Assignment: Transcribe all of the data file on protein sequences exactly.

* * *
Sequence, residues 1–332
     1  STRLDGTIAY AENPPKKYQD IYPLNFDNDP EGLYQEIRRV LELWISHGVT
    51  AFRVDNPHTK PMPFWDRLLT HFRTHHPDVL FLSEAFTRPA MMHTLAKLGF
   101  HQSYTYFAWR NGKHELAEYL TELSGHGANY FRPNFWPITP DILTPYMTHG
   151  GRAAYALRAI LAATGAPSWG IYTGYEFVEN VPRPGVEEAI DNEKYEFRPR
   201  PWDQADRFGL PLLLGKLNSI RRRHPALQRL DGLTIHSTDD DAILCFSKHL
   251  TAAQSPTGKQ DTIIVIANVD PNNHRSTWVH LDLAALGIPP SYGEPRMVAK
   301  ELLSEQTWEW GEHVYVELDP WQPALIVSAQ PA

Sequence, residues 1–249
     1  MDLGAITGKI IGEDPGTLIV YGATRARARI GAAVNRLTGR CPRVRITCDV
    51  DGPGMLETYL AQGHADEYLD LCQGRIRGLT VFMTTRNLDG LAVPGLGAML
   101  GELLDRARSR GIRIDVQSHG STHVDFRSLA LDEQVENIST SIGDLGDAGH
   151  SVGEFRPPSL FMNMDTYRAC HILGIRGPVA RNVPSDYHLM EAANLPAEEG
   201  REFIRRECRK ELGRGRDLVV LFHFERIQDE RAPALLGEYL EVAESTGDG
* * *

Sequence, residues 1–332
     1  STRLDGTIAY AENPPKKYQD IYPLNFDNDP EGLYQEIRRV LELWISHGVT
    51  AFRVDNPHTK PMPFWDRLLT HFRTHHPDVL FLSEAFTRPA MMHTLAKLGF
   101  HQSYTYFAWR NGKHELAEYL TELSGHGANY FRPNFWPITP DILTPYMTHG
   151  GRAAYALRAI LAATGAPSWG IYTGYEFVEN VPRPGVEEAI DNEKYEFRPR
   201  PWDQADRFGL PLLLGKLNSI RRRHPALQRL DGLTIHSTDD DAILCFSKHL
   251  TAAQSPTGKQ DTIIVIANVD PNNHRSTWVH LDLAALGIPP SYGEPRMVAK
   301  ELLSEQTWEW GEHVYVELDP WQPALIVSAQ PA

Sequence, residues 1–249
     1  MDLGAITGKI IGEDPGTLIV YGATRARARI GAAVNRLTGR CPRVRITCDV
    51  DGPGMLETYL AQGHADEYLD LCQGRIRGLT VFMTTRNLDG LAVPGLGAML
   101  GELLDRARSR GIRIDVQSHG STHVDFRSLA LDEQVENIST SIGDLGDAGH
   151  SVGEFRPPSL FMNMDTYRAC HILGIRGPVA RNVPSDYHLM EAANLPAEEG
   201  REFIRRECRK ELGRGRDLVV LFHFERIQDE RAPALLGEYL EVAESTGDG